Structural polymorph characterisation using fibre-optic linked FT-Raman-DSC.
A low-cost fibre-optic probe was constructed, and used to provide an optical link
between an FT-Raman spectrometer and a Differential Scanning Calorimeter (DSC).
The resulting Simultaneous Raman-DSC (SRD) method combines the vibrational
structural information of FT-Raman spectroscopy with the thermal data of DSC, which
is particularly useful for characterisation of samples exhibiting temperature- and
thermal conditioning-dependent polymorphic (i. e. structural) changes. The samples
chosen for method development and structural study were ammonium nitrate
(NH4NO3), the triglyceride sn-1,3-distearoyl-2-oleoyl glycerol (SOS), cocoa butter
(which is chiefly composed of a mixture of monounsaturated triglycerides), and some
chocolates of differing composition.
The bifurcated `6-around-i' parallel fibres probe design allowed Raman spectra to be
collected from unencapsulateds amplesi n the normal DSC sample position without
extensive mechanical modifications or the use of extra optical components.
Method development using the above samples showed that the combined SRD
sampling has various effects on collected data. With this probe design, a "glass
background" spectrum is superimposed on the Raman spectrum, and must be
subtracted using the spectrometer software. At raised temperatures, a thermal emission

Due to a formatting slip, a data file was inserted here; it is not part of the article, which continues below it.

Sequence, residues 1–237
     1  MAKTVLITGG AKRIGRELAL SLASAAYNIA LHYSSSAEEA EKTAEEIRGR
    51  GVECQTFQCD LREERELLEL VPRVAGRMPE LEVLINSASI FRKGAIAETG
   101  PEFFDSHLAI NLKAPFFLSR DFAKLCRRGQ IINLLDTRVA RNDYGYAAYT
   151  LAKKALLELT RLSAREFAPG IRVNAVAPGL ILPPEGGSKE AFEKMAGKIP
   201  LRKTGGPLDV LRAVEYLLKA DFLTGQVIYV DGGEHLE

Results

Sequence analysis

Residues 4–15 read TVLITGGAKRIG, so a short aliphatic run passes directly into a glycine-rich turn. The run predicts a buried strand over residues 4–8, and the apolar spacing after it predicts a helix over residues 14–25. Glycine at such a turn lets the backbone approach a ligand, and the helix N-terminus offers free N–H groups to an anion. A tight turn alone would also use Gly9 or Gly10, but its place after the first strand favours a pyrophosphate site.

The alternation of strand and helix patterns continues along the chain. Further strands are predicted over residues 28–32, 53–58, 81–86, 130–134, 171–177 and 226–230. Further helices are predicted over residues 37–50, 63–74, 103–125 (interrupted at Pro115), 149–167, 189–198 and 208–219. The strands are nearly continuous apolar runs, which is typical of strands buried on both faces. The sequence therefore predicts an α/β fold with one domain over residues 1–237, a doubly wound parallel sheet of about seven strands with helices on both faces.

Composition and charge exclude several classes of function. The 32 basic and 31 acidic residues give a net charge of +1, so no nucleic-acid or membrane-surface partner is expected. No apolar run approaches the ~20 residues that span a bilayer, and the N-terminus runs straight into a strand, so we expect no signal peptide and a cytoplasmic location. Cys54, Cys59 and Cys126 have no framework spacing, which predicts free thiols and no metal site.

feature appears in the Raman spectrum at high wavenumber shift. The incident laser
light was found to raise sample temperatures by around 1.5-3K. Raman spectra were
therefore collected with samples held around 10K below transition onset temperatures.
The necessary lack of encapsulation resulted in broadened thermal transitions in DSC
heating curves, and potential heat loss due to radiative emission at raised temperatures.
However, for samples analysed near room temperature, onset melting points for
transitions with the laser off were not significantly altered by SRD sampling.
Ammonium nitrate is often irreproducible in it's exact phase transition thermal
behaviour. SRD analysis showed the expected phases IV, III, II and I at room
temperature and above at normal atmospheric pressure. Raman spectra could then be
unambiguously assigned to the respective phases. Comparison with previous literature
work allows the spectral changes seen to be interpreted using symmetry-based
The triglyceride SOS was found to conform well to the literature thermal behaviour.
SRD analysis showed DSC heating curves with onset melting points and features
identifying the polymorphs produced as a, , y, ß', ß2 and [il. A literature survey allows
the corresponding Raman spectra to be interpreted in the light of structural packing
suggestions made by workers using various other analytical techniques.
Cocoa butter was successfully prepared in states 3,4,5 and 6 of the six polymorphs
known to exist. DSC melting behaviour and heating curve shapes were used to
unambiguously relate Raman spectra to the individual polymorphs. Interpretation of
Raman spectra was based on the SOS triglyceride SRD results, together with
structural packing suggestions from the literature.
A selection of chocolate samples were also analysed by SRD. Those with a high cocoa
butter content were found to approximate well to the thermal and structural behaviour
of pure cocoa butter.